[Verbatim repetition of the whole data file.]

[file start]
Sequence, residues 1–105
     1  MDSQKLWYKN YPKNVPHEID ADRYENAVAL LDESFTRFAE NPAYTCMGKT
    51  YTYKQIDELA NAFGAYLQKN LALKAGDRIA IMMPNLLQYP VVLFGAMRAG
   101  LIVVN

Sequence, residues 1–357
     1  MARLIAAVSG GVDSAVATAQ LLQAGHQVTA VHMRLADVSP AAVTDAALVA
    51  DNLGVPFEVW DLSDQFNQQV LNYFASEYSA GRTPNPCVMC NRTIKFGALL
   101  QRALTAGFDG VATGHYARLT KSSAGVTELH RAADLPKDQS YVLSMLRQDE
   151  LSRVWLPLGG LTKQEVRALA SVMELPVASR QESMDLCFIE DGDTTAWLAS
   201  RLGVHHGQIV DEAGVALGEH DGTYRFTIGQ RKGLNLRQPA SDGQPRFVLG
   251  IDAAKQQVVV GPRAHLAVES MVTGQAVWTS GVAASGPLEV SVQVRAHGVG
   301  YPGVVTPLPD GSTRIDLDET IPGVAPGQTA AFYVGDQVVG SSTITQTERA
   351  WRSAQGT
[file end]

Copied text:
Sequence, residues 1–105
     1  MDSQKLWYKN YPKNVPHEID ADRYENAVAL LDESFTRFAE NPAYTCMGKT
    51  YTYKQIDELA NAFGAYLQKN LALKAGDRIA IMMPNLLQYP VVLFGAMRAG
   101  LIVVN

Sequence, residues 1–357
     1  MARLIAAVSG GVDSAVATAQ LLQAGHQVTA VHMRLADVSP AAVTDAALVA
    51  DNLGVPFEVW DLSDQFNQQV LNYFASEYSA GRTPNPCVMC NRTIKFGALL
   101  QRALTAGFDG VATGHYARLT KSSAGVTELH RAADLPKDQS YVLSMLRQDE
   151  LSRVWLPLGG LTKQEVRALA SVMELPVASR QESMDLCFIE DGDTTAWLAS
   201  RLGVHHGQIV DEAGVALGEH DGTYRFTIGQ RKGLNLRQPA SDGQPRFVLG
   251  IDAAKQQVVV GPRAHLAVES MVTGQAVWTS GVAASGPLEV SVQVRAHGVG
   301  YPGVVTPLPD GSTRIDLDET IPGVAPGQTA AFYVGDQVVG SSTITQTERA
   351  WRSAQGT